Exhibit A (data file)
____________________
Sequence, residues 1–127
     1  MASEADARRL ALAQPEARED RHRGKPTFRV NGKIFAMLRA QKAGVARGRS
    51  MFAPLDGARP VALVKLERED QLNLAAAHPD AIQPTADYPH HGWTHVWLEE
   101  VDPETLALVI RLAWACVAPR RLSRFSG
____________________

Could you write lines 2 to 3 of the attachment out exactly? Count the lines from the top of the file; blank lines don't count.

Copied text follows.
     1  MASEADARRL ALAQPEARED RHRGKPTFRV NGKIFAMLRA QKAGVARGRS
    51  MFAPLDGARP VALVKLERED QLNLAAAHPD AIQPTADYPH HGWTHVWLEE